It’s got the girl, the gun . . . and one of the most exhilarating dance sequences in the movies. After a long absence from our screensoduring which it was lovingly homaged by the likes of Tarantino and Hal Hartleyothe pulp plotting and beautiful innocence of Jean-Luc Godard’s 1964 black-and-white crime caper are back, courtesy of a new BFI print.
JLG’s filmic pursuit of life, liberty and the whole damn thing is about as enjoyable as cinema gets. Made during his most prolific phase, and coming after the rigours of shooting Le Mepris, The Outsiders (its old English title) is an inside look at cinematic spontaneity. Looking as if its genesis was as effortless as breathing, able to catch the ebb and flow of thought and emotion, it’s a typically distinctive take on Dolores Hitchens’ B-list novel Fool’s Gold. Combining the transatlantic connection with a pre-war French literary influence in the shape of a romantic threesome (Anna Karina, Claude Brasseur and Sami Frey, all the epitome of Gallic cool), it’s a guys-meet-girl-meet-pile-of-money picture . . . with most of the time spent planning and waiting. Plenty of room, therefore, for other businessolanguage classes, sideways glances, races through the Louvre, driving, talkingowith Godard constantly throwing out philosophical and literary hooks in his own voice-over.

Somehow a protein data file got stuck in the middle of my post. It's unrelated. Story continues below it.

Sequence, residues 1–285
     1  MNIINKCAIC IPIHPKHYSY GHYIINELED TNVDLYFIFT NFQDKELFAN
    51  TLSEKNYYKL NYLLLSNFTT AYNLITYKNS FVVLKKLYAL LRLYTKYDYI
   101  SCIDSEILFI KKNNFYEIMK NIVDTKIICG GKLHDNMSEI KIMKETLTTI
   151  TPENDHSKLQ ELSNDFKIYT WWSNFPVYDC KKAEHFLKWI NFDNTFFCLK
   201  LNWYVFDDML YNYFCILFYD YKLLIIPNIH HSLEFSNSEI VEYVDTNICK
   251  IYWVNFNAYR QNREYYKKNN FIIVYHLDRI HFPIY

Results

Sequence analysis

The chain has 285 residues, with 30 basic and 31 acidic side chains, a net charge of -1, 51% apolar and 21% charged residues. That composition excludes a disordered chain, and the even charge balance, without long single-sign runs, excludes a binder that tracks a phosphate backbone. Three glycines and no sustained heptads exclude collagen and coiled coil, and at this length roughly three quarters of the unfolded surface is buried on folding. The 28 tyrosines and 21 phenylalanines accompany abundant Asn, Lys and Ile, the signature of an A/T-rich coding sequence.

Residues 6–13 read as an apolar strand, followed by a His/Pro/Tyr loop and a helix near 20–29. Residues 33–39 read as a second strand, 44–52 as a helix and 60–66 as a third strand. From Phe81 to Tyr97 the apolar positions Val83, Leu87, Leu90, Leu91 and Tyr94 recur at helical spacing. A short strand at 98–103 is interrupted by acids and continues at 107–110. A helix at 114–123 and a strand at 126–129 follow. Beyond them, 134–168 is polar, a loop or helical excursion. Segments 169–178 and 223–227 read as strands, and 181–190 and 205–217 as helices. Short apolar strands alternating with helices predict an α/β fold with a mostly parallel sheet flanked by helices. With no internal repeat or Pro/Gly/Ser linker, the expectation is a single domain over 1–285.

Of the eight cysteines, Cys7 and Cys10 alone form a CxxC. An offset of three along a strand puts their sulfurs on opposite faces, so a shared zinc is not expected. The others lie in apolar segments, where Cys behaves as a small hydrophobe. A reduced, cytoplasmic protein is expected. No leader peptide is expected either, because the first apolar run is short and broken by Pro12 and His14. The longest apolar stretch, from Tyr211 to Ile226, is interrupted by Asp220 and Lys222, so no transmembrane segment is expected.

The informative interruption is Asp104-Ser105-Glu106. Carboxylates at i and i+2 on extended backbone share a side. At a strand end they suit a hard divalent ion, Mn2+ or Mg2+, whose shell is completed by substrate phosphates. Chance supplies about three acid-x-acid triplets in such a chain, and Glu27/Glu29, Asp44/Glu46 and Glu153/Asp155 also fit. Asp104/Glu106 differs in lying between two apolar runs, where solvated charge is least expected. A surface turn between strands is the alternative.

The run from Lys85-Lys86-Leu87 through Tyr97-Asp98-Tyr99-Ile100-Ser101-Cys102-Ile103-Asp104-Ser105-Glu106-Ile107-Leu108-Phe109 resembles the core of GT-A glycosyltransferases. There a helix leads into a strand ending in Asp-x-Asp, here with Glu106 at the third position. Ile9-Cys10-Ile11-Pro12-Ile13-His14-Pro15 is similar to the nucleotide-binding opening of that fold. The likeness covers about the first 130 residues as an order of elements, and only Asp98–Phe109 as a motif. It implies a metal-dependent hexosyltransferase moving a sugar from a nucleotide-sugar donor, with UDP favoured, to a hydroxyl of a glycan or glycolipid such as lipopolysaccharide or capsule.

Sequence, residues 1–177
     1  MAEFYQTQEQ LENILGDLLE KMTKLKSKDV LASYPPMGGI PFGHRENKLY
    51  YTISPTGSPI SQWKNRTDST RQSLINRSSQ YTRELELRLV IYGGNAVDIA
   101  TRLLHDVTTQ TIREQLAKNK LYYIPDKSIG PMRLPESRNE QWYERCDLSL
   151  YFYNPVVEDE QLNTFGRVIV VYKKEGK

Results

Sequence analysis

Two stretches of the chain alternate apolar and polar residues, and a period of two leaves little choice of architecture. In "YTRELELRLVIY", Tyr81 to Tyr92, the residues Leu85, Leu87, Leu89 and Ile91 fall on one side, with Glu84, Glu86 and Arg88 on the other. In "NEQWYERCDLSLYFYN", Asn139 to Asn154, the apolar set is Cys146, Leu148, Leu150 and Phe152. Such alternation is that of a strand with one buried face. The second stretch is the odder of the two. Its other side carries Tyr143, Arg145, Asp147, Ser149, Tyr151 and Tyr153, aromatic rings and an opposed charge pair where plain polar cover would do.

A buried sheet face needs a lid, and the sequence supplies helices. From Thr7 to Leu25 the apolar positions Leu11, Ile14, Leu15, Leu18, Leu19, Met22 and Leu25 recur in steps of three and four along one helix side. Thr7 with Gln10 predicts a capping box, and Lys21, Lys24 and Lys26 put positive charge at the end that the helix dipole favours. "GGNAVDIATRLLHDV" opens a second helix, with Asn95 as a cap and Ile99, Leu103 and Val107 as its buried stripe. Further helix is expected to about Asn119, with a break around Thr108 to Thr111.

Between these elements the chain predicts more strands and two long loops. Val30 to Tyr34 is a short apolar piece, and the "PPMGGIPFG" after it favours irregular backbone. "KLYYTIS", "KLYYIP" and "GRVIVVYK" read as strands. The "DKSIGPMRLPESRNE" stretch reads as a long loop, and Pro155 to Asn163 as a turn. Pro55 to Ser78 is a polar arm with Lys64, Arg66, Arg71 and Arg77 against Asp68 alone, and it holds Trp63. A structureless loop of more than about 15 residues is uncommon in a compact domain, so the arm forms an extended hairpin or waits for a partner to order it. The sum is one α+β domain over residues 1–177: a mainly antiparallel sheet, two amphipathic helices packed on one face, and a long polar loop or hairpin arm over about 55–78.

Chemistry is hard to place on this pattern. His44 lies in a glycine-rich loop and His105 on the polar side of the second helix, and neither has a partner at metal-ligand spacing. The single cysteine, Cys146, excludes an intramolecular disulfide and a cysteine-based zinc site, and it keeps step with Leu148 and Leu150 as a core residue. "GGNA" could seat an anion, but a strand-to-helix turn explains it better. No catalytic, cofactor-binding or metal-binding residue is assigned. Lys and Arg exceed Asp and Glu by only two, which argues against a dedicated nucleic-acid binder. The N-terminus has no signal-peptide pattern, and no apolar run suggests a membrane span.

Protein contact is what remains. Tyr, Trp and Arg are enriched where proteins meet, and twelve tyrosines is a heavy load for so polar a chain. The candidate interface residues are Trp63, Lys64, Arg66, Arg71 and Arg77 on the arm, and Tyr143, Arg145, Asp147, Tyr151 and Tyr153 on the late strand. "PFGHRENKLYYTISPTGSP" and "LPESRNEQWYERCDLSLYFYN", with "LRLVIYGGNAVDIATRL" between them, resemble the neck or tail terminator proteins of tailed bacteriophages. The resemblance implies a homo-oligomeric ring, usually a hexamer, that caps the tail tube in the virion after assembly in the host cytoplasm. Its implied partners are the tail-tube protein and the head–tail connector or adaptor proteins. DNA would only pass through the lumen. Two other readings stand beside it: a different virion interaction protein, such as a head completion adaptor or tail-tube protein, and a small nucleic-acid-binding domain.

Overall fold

Thirty-six years old it may be, but it still seems a film apart: see it for its easy charm, playful self-reflexivity and spirit of curiosity, for its unforced and unsentimental joi de vivre. Minor Godard, given the uvre, but major pleasure. Life was never this perfectly poised.oGareth Evans/Time Out.
France, 1964. English subtitles. Black and white. 95 mins.